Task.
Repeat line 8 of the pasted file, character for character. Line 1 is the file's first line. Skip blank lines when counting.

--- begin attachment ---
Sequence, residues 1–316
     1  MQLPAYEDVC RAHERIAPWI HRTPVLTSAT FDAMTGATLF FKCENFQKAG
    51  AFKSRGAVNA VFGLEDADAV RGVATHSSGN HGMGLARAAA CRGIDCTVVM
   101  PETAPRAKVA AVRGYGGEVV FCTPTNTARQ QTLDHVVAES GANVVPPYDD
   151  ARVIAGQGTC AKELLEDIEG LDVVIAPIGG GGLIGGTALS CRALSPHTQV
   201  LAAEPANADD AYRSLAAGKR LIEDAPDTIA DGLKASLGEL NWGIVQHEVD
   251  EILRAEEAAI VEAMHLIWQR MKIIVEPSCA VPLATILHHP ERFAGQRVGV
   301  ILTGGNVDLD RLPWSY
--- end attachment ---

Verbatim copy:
   301  ILTGGNVDLD RLPWSY